Bubbling away in the background this offseason are Lamar Jackson’s protracted contract negotiations with the Ravens. Jackson has still not signed a long-term deal. While the Ravens’ AFC rivals have locked their young quarterbacks into record-shattering extensions, Jackson has continued to run his contract down.
The former MVP is set to play out the 2022 season on the final year of his rookie deal. The Ravens remain confident they can get a deal done prior to the season – a deal that Jackson is negotiating himself without an agent. But that was before they traded away Jackson’s running mate, receiver Hollywood Brown. And with each passing week that the two sides do not reach a compromise, the more likely it is that Jackson could play elsewhere in 2023.
Jackson is reported to be looking for a deal that would guarantee him $45m per season. The Deshaun Watson contract in Cleveland looms large, too. Watson signed a fully guaranteed deal with the Browns, and it’s likely that Jackson wants a deal with a similar structure – a fully guaranteed contract that will allow him to re-enter free agency before he hits 30.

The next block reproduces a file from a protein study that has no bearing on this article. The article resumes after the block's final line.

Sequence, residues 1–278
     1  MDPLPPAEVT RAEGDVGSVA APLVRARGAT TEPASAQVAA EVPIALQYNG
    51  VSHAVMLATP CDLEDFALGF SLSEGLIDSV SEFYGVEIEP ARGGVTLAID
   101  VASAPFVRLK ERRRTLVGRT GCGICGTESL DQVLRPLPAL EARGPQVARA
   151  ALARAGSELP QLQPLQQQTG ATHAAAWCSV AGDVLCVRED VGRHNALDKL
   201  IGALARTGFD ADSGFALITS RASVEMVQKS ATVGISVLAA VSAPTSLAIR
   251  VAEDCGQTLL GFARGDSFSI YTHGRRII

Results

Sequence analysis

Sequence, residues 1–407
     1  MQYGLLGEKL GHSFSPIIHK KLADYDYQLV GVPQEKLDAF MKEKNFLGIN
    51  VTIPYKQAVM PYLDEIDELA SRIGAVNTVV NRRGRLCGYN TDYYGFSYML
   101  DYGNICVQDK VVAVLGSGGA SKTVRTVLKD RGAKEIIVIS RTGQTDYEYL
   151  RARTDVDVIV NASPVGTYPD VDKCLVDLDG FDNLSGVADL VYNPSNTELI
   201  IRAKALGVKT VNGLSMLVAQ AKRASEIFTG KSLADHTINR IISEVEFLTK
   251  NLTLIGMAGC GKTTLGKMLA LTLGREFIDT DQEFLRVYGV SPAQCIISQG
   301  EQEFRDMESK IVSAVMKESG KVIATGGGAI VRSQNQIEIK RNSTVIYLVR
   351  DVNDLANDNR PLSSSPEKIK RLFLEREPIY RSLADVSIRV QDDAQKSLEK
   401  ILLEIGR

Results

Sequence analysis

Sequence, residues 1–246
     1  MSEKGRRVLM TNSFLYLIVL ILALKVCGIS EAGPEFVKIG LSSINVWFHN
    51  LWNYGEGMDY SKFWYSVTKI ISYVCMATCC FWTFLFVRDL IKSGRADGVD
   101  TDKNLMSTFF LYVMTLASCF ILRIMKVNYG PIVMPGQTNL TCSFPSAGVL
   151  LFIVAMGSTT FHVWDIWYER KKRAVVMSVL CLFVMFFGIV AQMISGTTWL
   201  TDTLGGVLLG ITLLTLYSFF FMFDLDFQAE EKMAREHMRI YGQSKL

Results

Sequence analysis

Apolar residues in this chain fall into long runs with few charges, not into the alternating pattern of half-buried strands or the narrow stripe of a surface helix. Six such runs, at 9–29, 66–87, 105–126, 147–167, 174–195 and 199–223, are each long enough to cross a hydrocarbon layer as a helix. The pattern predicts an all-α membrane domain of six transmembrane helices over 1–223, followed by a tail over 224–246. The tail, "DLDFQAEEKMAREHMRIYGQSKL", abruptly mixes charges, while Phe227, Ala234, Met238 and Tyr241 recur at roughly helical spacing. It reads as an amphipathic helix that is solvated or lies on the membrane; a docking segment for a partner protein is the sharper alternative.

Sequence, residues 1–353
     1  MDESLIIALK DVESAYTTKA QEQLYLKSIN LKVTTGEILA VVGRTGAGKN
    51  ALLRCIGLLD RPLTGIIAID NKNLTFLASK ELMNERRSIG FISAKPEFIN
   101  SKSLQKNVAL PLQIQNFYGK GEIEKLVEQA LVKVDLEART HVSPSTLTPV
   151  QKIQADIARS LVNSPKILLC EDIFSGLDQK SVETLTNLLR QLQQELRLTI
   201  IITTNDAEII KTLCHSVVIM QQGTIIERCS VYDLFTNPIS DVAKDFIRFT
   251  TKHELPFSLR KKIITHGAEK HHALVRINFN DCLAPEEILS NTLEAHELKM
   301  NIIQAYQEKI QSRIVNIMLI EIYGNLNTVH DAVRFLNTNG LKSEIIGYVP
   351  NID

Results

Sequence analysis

The Ravens may be queasy about ponying up $250m in guaranteed money for a quarterback whose ability to run leaves him more vulnerable to injury. Yet given the shift across the sport (and sports in general) towards player (read: quarterback) empowerment, the decision is most likely out of the Ravens’ hands anyway.
Does Jackson want to stay in Baltimore long-term? Would he prefer to move back home to Miami? The quarterback-franchise relationship is increasingly taking on the role of a partnership rather than the top-down employer-to-employee dynamic. The Arizona Cardinals essentially overpaid to acquire Brown from Baltimore in order to appease their own disgruntled quarterback, Kyler Murray.
The Ravens can threaten Jackson with the franchise tag; Jackson can threaten to sit out a year. It’s not too difficult to imagine a world in which Jackson is moved to another team next offseason in a tag-and-trade, with the quarterback then signing a record-breaking deal with a new franchise.
Philly and Miami’s plans for 2023
You can bundle these two franchises together. Both are following a similar plan: Loading up on talent for the upcoming season while also adding a hefty insurance policy for 2023. The Dolphins shipped the bulk of their 2022 draft class in order to acquire Tyreek Hill. Meanwhile, on draft night Howie Roseman and the Eagles’ brain-trust followed suit, turning one of their first-round picks into AJ Brown.